I hope by now we’ve established that I’m a believing Mormon. I accept the Church’s truth claims and find them spiritually fulfilling. I remain committed to the Book of Mormon, the modern prophets, the priesthood, modern revelation, and the ordinances and covenants that go with them.

But, increasingly, I find little of spiritual value in attending Church with my fellow saints. I like them just fine. The services just don’t do much for me.

That hasn’t always been the case. As a kid I was very church-y, including a period in which I kept on the white shirt and tie throughout the day as a part of my Sabbath worship, something my family found peculiar. In college and afterwards as I lived in Southern California I found Sundays very fulfilling. I had meaningful callings and spiritually uplifting experiences in my meetings.

Now I’m in a suburban Utah ward and it just feels … blah. The people (our neighbors) are nice. I like my bishop personally and think he’s doing his best. But after two almost years I still feel isolated and disconnected from those around me.

Part of this, I’m sure, is that this is the first ward where my wife has not attended. When she stopped attending in the previous ward it was easy to maintain those bonds we’d forged together. Now I’m on my own. And I’m learning quickly how isolating our church culture can be for those who don’t fit the mold. It was much easier to connect with a ward as a whole family than it is as an individual.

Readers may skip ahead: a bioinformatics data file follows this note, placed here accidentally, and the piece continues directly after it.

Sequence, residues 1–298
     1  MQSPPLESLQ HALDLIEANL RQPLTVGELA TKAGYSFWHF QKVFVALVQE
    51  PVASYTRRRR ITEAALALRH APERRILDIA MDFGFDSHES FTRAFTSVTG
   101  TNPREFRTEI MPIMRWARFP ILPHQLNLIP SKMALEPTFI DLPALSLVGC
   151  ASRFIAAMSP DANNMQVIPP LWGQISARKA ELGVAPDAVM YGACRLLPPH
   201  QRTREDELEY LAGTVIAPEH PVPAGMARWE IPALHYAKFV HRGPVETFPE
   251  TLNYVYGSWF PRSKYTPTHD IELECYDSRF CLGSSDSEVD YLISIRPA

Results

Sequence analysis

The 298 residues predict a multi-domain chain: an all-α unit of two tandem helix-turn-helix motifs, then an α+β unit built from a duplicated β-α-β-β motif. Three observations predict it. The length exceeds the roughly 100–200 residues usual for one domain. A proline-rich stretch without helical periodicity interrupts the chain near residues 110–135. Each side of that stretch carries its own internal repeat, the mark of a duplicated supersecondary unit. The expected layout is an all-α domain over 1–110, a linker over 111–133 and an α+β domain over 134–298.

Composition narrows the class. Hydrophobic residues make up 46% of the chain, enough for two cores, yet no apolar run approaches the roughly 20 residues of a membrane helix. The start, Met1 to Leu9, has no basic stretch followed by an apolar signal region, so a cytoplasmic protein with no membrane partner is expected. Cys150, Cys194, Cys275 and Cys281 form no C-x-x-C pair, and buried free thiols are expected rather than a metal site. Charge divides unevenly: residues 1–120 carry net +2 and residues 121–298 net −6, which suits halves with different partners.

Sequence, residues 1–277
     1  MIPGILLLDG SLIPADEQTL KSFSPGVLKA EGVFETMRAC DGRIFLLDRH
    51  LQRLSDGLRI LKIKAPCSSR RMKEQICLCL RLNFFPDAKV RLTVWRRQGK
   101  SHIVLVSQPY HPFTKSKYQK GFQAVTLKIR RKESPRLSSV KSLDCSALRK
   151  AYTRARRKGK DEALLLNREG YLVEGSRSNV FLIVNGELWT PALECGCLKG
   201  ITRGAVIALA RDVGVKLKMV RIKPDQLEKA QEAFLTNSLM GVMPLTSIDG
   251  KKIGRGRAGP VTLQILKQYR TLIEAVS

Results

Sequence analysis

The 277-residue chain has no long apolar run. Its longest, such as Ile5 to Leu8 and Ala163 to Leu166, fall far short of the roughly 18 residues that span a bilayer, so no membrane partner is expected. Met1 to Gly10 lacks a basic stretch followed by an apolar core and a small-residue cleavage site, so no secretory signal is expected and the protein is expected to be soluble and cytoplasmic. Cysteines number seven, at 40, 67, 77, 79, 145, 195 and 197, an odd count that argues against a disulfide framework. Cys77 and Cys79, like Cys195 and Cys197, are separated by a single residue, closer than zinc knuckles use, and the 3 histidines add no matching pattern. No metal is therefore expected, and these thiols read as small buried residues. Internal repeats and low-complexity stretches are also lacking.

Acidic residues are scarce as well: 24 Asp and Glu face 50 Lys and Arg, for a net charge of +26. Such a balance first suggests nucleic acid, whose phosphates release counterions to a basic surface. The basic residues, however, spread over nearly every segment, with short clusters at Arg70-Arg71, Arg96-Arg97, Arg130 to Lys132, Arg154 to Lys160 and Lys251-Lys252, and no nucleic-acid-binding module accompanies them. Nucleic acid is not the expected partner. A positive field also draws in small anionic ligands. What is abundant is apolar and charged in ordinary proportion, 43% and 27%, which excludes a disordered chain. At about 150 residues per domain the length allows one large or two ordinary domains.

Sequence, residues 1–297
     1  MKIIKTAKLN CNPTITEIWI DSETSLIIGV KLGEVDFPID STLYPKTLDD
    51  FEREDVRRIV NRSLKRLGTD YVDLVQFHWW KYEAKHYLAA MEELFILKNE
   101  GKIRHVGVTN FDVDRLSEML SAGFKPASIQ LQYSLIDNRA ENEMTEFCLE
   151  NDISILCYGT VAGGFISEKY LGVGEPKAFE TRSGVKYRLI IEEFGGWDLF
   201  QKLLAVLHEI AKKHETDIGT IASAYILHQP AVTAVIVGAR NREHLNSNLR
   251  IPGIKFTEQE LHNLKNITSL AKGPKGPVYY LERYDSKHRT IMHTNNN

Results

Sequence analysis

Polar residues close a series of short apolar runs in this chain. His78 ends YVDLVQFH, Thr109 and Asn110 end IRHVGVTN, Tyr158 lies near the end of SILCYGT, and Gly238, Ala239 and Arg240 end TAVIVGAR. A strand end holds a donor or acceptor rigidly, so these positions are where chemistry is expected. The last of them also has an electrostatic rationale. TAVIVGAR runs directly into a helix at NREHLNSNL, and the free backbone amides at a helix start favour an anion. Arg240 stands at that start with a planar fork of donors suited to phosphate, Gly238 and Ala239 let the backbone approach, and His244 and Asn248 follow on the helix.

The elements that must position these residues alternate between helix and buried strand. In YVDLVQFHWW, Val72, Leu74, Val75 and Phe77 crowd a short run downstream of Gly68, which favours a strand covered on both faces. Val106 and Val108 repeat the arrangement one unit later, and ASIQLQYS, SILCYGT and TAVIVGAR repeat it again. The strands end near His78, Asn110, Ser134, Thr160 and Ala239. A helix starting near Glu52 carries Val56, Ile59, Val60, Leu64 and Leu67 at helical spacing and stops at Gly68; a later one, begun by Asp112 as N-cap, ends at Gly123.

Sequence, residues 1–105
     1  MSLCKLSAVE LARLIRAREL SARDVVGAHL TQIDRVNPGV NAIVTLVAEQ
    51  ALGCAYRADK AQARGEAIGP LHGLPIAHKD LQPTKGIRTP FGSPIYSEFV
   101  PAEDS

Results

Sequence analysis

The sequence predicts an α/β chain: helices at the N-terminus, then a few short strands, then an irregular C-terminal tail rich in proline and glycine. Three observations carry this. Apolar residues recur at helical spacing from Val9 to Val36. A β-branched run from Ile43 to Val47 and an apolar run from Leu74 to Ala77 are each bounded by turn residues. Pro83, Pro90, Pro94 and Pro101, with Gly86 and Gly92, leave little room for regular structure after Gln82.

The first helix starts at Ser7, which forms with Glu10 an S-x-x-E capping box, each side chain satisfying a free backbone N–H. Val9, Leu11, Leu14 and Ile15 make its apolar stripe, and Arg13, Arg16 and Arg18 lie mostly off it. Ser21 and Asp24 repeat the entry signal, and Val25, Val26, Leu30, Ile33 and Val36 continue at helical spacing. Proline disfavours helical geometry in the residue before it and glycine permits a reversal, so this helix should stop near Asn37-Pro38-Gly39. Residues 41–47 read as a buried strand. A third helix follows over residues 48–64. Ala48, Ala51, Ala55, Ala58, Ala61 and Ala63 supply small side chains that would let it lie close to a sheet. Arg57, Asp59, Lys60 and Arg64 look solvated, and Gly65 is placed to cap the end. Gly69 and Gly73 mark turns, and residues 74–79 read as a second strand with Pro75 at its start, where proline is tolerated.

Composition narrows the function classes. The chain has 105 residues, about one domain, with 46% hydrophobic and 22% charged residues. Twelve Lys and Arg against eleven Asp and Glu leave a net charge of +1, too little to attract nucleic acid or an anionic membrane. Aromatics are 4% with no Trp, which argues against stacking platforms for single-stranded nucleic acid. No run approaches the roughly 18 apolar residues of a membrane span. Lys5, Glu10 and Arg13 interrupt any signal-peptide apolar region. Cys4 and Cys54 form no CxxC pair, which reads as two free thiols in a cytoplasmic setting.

Another part of my growing dissatisfaction is that the services themselves just aren’t very uplifting. This ward (and I think the whole stake) has adopted a standard of always assigning Sacrament speakers to talk about a General Conference talk. The opening line of almost every talk (after the apology and joke section) is “The talk I’ve been assigned to talk on is …” To put it politely, this doesn’t make for the most engaging worship service.

I’ve been bumped around in a few different callings, usually with significant gaps in between. My latest calling leaves me entirely isolated, working on the bishop’s behalf in some confidential matters. It’s kind of him to have put some trust in me, but it adds to my isolation. There’s nothing in particular to do or prepare on Sunday and nothing that brings me into closer contact with my fellow saints.

There was a time when I might have advised someone like me to reach out and get active. Now I can see more clearly how the Church lets people down – even believing people who want to be a part of this organization.

What I want most from the Church right now is to experience it like Moroni described it:

And after they had been received unto baptism, and were wrought upon and cleansed by the power of the Holy Ghost, they were numbered among the people of the church of Christ; and their names were taken, that they might be remembered and nourished by the good word of God, to keep them in the right way, to keep them continually watchful unto prayer, relying alone upon the merits of Christ, who was the author and the finisher of their faith.


And the church did meet together oft, to fast and to pray, and to speak one with another concerning the welfare of their souls.


And they did meet together oft to partake of bread and wine, in remembrance of the Lord Jesus. (Moroni 6:4-6)

Is that too much to ask from the faith I love?


(Photo Credit: “Canterbury Chapel Sign” by Matthew Bembridge – used under CC License)

Jason L grew up in Arizona as a Mormon Democrat with a lawyer father – and heard all the jokes. Now he’s got a Ph.D. in history, is married to a sugar sorceress, and enjoys raising their sweet son.

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